TRAVERSE CITY, Michigan – April 14, 2020 – The Watershed Center Grand Traverse Bay has received a $400,000 grant from the U.S. Environmental Protection Agency’s (EPA) Great Lakes Restoration Initiative (GLRI) to enhance a stormwater program in the Village of Elk Rapids focusing on green infrastructure. Funding will be used to install an underground infiltration trench and retrofit street side bump-outs into rain gardens to infiltrate 2.8 million gallons of stormwater runoff each year. 

“We are excited to use this investment from the EPA to continue developing a stormwater program in the Village of Elk Rapids,” said Sarah U’Ren, Program Director at The Watershed Center. A significant amount of stormwater is generated by the roads, parking lots, and rooftops on the west side of the village, which can contribute excessive sediment, nutrients, pathogens, and toxins to Grand Traverse Bay. “The goal of this project is to reduce the volume of stormwater and its associated pollution inputs, which we will accomplish by using green infrastructure systems including underground infiltration and bioretention,” U’Ren continued.

Proposed work includes installing an underground infiltration trench under a section of Cedar Street to infiltrate stormwater coming from the upper section of the system. This trench will store and infiltrate over 80% of the Cedar Street stormdrain system’s total drainage area. Additional work includes retrofitting four existing paved bump-out areas along Dexter Street into rain gardens. The rain gardens will be in a highly visible location and will serve as a local demonstration of green infrastructure installation in the village.

“The Watershed Center provides strong leadership for green infrastructure projects that protect water quality in our uniquely situated community,” said Village President James Janisse. “We are grateful to our funders and are honored to showcase these efforts to others this fall. Even with projects of this significance, we are always looking forward to what we can accomplish next.”

A long-term partnership between The Watershed Center and the Village of Elk Rapids has led to the adoption and installation of green infrastructure policies and practices throughout the village. The Watershed Center is currently working on plans to retrofit a grassy area adjacent to Edward C. Grace Memorial Harbor into a bioswale and existing flower beds on River Street into rain gardens using funding from the National Fish and Wildlife Foundation.

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The Watershed Center is a non-profit organization that advocates for clean water in Grand Traverse Bay and acts to protect and preserve its 1,000-square mile watershed, which covers portions of Grand Traverse, Leelanau, Antrim, and Kalkaska counties. Learn more at www.gtbay.org.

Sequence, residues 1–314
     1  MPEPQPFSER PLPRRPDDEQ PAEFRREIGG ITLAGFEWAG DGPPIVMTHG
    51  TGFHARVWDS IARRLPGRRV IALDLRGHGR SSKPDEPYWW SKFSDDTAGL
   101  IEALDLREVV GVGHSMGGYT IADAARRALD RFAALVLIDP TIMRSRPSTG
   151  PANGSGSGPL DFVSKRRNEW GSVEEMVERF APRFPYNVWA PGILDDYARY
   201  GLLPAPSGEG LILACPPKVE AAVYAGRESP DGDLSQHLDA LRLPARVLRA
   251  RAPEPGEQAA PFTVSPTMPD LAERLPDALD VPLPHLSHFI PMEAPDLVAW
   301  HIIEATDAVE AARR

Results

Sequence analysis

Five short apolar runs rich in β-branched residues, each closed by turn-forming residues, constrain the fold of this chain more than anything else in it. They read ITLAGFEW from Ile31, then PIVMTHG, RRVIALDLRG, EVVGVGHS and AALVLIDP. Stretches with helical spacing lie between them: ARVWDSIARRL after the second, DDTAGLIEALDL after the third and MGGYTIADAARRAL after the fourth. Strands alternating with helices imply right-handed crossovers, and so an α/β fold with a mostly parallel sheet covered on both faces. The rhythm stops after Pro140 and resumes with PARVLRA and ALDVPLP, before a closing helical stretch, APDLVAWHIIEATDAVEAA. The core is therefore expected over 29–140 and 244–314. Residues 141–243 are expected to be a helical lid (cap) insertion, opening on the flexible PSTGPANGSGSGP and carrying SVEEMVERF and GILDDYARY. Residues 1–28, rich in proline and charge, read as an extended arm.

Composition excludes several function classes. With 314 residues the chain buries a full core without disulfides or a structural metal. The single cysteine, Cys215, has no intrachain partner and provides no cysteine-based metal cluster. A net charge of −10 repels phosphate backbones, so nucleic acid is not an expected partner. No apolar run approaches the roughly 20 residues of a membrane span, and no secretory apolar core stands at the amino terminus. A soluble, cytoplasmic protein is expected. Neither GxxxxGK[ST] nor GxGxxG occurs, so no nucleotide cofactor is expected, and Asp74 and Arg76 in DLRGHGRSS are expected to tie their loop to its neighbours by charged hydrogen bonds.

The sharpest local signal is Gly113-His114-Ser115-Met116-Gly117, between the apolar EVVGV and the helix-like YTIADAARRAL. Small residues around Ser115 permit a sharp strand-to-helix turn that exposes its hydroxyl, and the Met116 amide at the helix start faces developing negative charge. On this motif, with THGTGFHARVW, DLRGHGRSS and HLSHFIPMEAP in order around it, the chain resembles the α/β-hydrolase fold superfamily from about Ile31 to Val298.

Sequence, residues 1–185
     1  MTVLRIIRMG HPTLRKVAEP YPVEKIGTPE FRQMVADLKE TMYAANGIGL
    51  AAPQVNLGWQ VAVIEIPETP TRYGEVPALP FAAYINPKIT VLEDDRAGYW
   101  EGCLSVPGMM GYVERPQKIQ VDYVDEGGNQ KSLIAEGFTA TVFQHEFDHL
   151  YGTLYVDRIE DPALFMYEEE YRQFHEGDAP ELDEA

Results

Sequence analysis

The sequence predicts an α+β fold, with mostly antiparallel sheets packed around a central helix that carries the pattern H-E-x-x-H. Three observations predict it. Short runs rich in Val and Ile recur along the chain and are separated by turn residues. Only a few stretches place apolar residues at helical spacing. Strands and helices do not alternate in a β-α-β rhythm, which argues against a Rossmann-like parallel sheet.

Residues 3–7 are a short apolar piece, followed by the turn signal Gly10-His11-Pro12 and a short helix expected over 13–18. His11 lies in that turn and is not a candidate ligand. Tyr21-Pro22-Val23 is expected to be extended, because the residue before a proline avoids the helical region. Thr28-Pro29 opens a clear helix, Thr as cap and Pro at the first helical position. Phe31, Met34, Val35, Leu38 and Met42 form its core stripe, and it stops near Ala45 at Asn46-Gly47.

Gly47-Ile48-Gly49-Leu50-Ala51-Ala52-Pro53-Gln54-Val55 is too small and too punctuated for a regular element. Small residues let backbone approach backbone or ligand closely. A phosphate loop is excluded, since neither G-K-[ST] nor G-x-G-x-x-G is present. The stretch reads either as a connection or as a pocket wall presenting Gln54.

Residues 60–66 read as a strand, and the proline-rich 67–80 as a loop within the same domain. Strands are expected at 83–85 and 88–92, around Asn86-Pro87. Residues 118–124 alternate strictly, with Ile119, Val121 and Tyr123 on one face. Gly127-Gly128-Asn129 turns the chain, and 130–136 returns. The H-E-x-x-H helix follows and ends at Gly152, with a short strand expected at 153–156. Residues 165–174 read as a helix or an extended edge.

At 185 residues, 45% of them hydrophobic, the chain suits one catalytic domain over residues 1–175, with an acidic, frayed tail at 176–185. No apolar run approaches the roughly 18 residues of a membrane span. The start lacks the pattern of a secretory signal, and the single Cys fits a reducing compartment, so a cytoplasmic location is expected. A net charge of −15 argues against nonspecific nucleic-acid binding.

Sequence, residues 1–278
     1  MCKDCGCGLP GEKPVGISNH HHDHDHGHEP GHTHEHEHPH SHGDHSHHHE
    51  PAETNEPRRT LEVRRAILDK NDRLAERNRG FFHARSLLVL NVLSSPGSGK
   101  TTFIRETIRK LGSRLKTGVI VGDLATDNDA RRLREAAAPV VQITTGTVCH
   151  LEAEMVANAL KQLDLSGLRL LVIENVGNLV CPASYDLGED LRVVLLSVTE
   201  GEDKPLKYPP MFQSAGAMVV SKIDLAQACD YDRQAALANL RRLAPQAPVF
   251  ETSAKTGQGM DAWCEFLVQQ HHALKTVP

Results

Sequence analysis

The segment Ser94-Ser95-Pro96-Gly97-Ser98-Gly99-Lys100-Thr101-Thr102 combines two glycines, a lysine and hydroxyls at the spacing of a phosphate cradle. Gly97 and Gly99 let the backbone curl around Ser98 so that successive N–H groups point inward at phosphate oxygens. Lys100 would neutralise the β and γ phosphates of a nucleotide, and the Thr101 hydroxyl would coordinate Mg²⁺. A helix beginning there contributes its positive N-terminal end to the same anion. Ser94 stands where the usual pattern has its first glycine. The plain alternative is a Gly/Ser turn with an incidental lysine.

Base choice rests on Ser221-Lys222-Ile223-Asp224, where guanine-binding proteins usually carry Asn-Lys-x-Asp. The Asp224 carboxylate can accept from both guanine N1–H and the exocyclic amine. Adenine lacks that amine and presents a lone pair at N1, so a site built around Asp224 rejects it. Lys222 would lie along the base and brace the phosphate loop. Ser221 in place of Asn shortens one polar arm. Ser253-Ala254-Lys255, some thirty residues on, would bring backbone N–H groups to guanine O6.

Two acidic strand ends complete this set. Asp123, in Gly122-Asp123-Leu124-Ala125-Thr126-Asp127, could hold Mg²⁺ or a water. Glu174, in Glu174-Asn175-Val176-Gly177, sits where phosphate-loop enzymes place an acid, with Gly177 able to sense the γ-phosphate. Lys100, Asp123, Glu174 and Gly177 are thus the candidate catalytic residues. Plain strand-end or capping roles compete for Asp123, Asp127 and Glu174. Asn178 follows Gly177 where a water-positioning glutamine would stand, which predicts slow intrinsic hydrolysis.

The Watershed Center’s Response to COVID-19
| March 16, 2020 | 12:57 pm | News & Events | Comments closed

Our highest priority is the health and safety of our staff, volunteers, and community. Following the guidance of our federal, state, and local health officials, we are cancelling all programs and closing our office beginning Monday March 16, 2020. The Watershed Center staff will be working remotely and are available by email. Our main phone number (231.935.1514) will also connect you directly to our staff and they can retrieve voicemails.

Though we will miss interacting with our supporters face-to-face, there are many ways you can still take action and explore new ways of engaging with us and each other. Some of our supporters have asked what they can do to help ​The Watershed Center continue to thrive during this moment, so we made a list of ​ways you can help​.

12th Annual Freshwater Summit Planned for October 25, 2019
| October 15, 2019 | 4:57 pm | News & Events | Comments closed

Contact:
Christine Crissman
The Watershed Center
ccrissman@gtbay.org
231.935.1514 x1

FOR IMMEDIATE RELEASE 

12th ANNUAL FRESHWATER SUMMIT PLANNED FOR OCTOBER 25, 2019

TRAVERSE CITY, Michigan – October 15, 2019 – The Freshwater Roundtable is proud to announce the 12th Annual Freshwater Summit. The Summit will be held on Friday, October 25 from 9:00 a.m. – 3:00 p.m. at the Hagerty Center at Northwestern Michigan College.

“Michigan’s past, present, and future are deeply connected to its clean, healthy water,” said Christine Crissman, executive director of The Watershed Center. “We are looking forward to tapping into state and local expertise to discuss our region’s response and readiness for existing and emerging threats to our freshwater.”

Presentations include impacts of climate change, spill and emergency services response, bioengineering for high energy lakes, invasive species impacts and control, threats of pavement sealants, and E.coli tracking throughout the state.

“In Michigan, and especially in this region, our lives are defined by water; commercially and recreationally.” said Dennis McCauley, president of the Great Lakes Environmental Center, Inc., one of the sponsors of the Freshwater Summit. “We feel it’s valuable to bring together professionals and interested residents alike to talk about water quality and water use issues that are impacting our economy, our shorelines, and our lives.”

A full agenda and registration information is available online at https://www.gtbay.org/our-programs/freshwater-summit/. Cost is $35/person or $15/student and includes lunch.

The Freshwater Summit is a product of the Freshwater Roundtable and is organized by The Watershed Center, NMC’s Great Lakes Water Studies Institute, Michigan Sea Grant Extension, Great Lakes Environmental Center, Inc., Inland Seas Education Association, NOAA’s Office for Coastal Management, Grand Traverse Conservation District, Conservation Resource Alliance, and Northern Michigan Environmental Action Council. The 12th Annual Freshwater Summit is sponsored by the Great Lakes Environmental Center, Inc. and American Waste.

# # #

The Watershed Center is a non-profit organization that advocates for clean water in Grand Traverse Bay and acts to protect and preserve its 1,000-square mile watershed, which covers portions of Grand Traverse, Leelanau, Antrim, and Kalkaska counties. Learn more at www.gtbay.org.